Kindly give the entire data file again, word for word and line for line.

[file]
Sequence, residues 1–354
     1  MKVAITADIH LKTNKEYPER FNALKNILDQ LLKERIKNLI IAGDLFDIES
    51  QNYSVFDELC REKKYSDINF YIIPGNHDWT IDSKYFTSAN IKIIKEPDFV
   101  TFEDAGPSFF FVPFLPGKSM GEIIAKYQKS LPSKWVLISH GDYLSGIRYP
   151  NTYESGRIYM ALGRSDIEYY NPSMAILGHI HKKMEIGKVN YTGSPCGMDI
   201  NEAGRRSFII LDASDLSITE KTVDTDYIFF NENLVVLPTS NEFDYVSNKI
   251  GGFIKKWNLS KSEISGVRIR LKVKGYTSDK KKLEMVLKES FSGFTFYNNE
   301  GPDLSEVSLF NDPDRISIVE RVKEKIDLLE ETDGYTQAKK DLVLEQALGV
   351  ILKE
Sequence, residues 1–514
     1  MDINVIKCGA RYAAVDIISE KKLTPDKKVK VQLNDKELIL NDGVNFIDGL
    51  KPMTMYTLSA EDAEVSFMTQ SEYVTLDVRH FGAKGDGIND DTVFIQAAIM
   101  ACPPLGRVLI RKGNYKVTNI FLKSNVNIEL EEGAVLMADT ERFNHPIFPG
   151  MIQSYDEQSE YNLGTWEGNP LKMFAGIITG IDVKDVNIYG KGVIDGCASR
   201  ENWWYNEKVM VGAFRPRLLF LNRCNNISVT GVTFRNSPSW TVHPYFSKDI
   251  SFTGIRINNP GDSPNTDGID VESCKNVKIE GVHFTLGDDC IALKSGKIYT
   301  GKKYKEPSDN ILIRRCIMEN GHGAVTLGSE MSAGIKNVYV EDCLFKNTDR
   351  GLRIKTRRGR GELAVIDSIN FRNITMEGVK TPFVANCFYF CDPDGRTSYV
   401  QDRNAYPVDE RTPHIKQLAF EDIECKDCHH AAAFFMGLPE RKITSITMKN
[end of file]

Sequence, residues 1–354
     1  MKVAITADIH LKTNKEYPER FNALKNILDQ LLKERIKNLI IAGDLFDIES
    51  QNYSVFDELC REKKYSDINF YIIPGNHDWT IDSKYFTSAN IKIIKEPDFV
   101  TFEDAGPSFF FVPFLPGKSM GEIIAKYQKS LPSKWVLISH GDYLSGIRYP
   151  NTYESGRIYM ALGRSDIEYY NPSMAILGHI HKKMEIGKVN YTGSPCGMDI
   201  NEAGRRSFII LDASDLSITE KTVDTDYIFF NENLVVLPTS NEFDYVSNKI
   251  GGFIKKWNLS KSEISGVRIR LKVKGYTSDK KKLEMVLKES FSGFTFYNNE
   301  GPDLSEVSLF NDPDRISIVE RVKEKIDLLE ETDGYTQAKK DLVLEQALGV
   351  ILKE
Sequence, residues 1–514
     1  MDINVIKCGA RYAAVDIISE KKLTPDKKVK VQLNDKELIL NDGVNFIDGL
    51  KPMTMYTLSA EDAEVSFMTQ SEYVTLDVRH FGAKGDGIND DTVFIQAAIM
   101  ACPPLGRVLI RKGNYKVTNI FLKSNVNIEL EEGAVLMADT ERFNHPIFPG
   151  MIQSYDEQSE YNLGTWEGNP LKMFAGIITG IDVKDVNIYG KGVIDGCASR
   201  ENWWYNEKVM VGAFRPRLLF LNRCNNISVT GVTFRNSPSW TVHPYFSKDI
   251  SFTGIRINNP GDSPNTDGID VESCKNVKIE GVHFTLGDDC IALKSGKIYT
   301  GKKYKEPSDN ILIRRCIMEN GHGAVTLGSE MSAGIKNVYV EDCLFKNTDR
   351  GLRIKTRRGR GELAVIDSIN FRNITMEGVK TPFVANCFYF CDPDGRTSYV
   401  QDRNAYPVDE RTPHIKQLAF EDIECKDCHH AAAFFMGLPE RKITSITMKN